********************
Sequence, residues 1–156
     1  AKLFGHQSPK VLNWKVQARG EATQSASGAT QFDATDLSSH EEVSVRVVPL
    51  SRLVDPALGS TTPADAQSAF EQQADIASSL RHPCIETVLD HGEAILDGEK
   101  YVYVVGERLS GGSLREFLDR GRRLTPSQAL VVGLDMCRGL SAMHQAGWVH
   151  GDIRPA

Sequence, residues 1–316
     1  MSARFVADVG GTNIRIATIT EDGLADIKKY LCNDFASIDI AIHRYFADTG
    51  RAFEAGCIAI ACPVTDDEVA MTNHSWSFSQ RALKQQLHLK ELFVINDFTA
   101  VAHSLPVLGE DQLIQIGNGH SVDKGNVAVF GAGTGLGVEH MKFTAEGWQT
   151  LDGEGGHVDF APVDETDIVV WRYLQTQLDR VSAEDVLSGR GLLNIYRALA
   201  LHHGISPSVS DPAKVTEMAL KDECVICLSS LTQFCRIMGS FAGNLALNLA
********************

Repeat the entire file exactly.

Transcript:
Sequence, residues 1–156
     1  AKLFGHQSPK VLNWKVQARG EATQSASGAT QFDATDLSSH EEVSVRVVPL
    51  SRLVDPALGS TTPADAQSAF EQQADIASSL RHPCIETVLD HGEAILDGEK
   101  YVYVVGERLS GGSLREFLDR GRRLTPSQAL VVGLDMCRGL SAMHQAGWVH
   151  GDIRPA

Sequence, residues 1–316
     1  MSARFVADVG GTNIRIATIT EDGLADIKKY LCNDFASIDI AIHRYFADTG
    51  RAFEAGCIAI ACPVTDDEVA MTNHSWSFSQ RALKQQLHLK ELFVINDFTA
   101  VAHSLPVLGE DQLIQIGNGH SVDKGNVAVF GAGTGLGVEH MKFTAEGWQT
   151  LDGEGGHVDF APVDETDIVV WRYLQTQLDR VSAEDVLSGR GLLNIYRALA
   201  LHHGISPSVS DPAKVTEMAL KDECVICLSS LTQFCRIMGS FAGNLALNLA